He slowly raised the price for his knives to $175 and it became a hobby that paid for itself. The prices went up from there as the orders kept pouring in. Weige started customizing and adding his signature to each piece. A personal chef purchased a knife and passed his name along to the media. A cover feature in the Austin Chronicle changed everything. Over one weekend, Weige received $40,000 in orders. If he started making knives full-time, he could fill the orders in a year and a half. He gave 6 months’ notice to his employer and reached out to Michener and convinced him to come aboard. Weige attended an 80 hour bladesmithing course at Texarkana College and has been making knives fulltime ever since.

While most of the handcrafted knives on the market are hunting knives, Weige chose to focus on kitchen knives so that his pieces would be used in everyday life, not simply as trophy items. “I want my knives to be something you use,” Weige said. He also takes pride in the fact that his knives are heirloom quality pieces that can passed down to the next generation.

In addition to creating new knives, Weige Knives also does heirloom quality repair and offers knife-making classes one weekend a month.

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The beauty is in the details. The wood that is collected, cut down, and used in the knife handles is all locally-sourced and is kept organized for customers to peruse before choosing the right one for their personally crafted knife. Other customers bring their own materials to be used, such as oryx horns, wood from the family farm, or other items that hold personal meaning. Weige’s signature look is a curl at the tip of the handle – “Oh, that’s a Weige knife.” No two knives are the same.

Weige does all of this with only one full-time employee, Dirk Michener, who is regarded as one of the best knife makers in Central Texas. Weige needed assistance when the workload became too big for one person, but doesn’t have any plans to add to the team. For one thing, it takes about 1-2 ½ years to learn how to make a Weige knife and, for another, there is only so much space.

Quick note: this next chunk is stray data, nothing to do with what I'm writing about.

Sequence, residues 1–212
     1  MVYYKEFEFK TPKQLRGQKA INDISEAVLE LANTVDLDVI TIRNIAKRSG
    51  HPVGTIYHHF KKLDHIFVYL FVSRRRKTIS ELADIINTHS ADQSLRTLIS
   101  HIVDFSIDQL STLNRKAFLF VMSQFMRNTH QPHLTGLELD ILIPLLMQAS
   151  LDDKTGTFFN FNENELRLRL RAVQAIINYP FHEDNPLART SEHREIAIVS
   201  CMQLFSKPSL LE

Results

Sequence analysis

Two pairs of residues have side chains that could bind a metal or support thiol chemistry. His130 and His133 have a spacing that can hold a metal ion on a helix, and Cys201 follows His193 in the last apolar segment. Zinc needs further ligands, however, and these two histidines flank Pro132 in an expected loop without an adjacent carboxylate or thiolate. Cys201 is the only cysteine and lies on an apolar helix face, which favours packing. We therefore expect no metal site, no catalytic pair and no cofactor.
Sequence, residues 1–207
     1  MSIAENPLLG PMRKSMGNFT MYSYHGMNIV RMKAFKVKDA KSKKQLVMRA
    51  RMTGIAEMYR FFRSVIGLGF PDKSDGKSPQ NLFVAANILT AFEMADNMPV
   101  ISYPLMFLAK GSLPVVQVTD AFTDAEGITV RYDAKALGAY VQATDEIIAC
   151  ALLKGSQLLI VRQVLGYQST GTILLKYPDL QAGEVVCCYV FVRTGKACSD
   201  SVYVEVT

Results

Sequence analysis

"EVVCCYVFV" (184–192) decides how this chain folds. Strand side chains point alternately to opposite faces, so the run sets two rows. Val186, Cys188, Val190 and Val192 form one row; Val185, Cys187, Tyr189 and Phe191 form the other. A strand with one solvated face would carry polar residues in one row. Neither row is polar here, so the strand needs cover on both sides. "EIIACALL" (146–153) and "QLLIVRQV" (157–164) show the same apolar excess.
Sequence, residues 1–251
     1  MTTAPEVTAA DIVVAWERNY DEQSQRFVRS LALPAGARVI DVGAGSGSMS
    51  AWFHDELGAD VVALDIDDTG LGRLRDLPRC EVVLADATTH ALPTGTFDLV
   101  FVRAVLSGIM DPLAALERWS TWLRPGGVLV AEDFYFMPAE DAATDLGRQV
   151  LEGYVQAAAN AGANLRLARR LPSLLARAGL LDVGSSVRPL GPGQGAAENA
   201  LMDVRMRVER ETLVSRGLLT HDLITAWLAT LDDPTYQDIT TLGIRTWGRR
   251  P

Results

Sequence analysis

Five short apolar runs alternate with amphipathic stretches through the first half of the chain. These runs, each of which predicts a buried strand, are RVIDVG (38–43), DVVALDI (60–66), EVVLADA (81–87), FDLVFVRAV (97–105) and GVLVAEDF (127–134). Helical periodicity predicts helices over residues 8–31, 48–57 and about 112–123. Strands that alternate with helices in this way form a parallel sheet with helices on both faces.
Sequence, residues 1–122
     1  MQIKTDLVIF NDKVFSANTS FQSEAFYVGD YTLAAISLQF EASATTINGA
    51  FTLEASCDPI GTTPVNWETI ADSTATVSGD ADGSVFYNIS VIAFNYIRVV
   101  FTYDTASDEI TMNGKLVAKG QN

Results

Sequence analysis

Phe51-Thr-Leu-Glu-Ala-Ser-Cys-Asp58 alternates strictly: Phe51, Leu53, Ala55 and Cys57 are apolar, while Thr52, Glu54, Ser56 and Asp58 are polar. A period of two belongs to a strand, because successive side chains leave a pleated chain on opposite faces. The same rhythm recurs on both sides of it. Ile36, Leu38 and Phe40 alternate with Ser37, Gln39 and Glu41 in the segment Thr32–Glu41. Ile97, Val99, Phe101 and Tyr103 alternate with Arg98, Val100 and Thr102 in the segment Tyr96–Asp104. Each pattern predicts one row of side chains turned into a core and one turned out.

Weige started out as a media executive in online media sales, spending up to 11 hours per day on a computer and needed an outlet. When he and his wife purchased a new home that included a 1000 sf garage, he saw the potential to turn the space into something great. He decided to make a knife. After watching a few instructional videos, he tried his hand at his first knife. Weige posted his first piece on Facebook and then the 30 or 40 that came after that. Eventually, someone asked if he could make a knife for them. He charged $75 for that first knife. Other orders followed, a new one every 4 months or so. Weige was still working and traveling often to the West Coast, balancing his job with knife-making.

He slowly raised the price for his knives to $175 and it became a hobby that paid for itself. The prices went up from there as the orders kept pouring in. Weige started customizing and adding his signature to each piece. A personal chef purchased a knife and passed his name along to the media. A cover feature in the Austin Chronicle changed everything. Over one weekend, Weige received $40,000 in orders. If he started making knives full-time, he could fill the orders in a year and a half. He gave 6 months’ notice to his employer and reached out to Michener and convinced him to come aboard. Weige attended an 80 hour bladesmithing course at Texarkana College and has been making knives fulltime ever since.

While most of the handcrafted knives on the market are hunting knives, Weige chose to focus on kitchen knives so that his pieces would be used in everyday life, not simply as trophy items. “I want my knives to be something you use,” Weige said. He also takes pride in the fact that his knives are heirloom quality pieces that can passed down to the next generation.

In addition to creating new knives, Weige Knives also does heirloom quality repair and offers knife-making classes one weekend a month.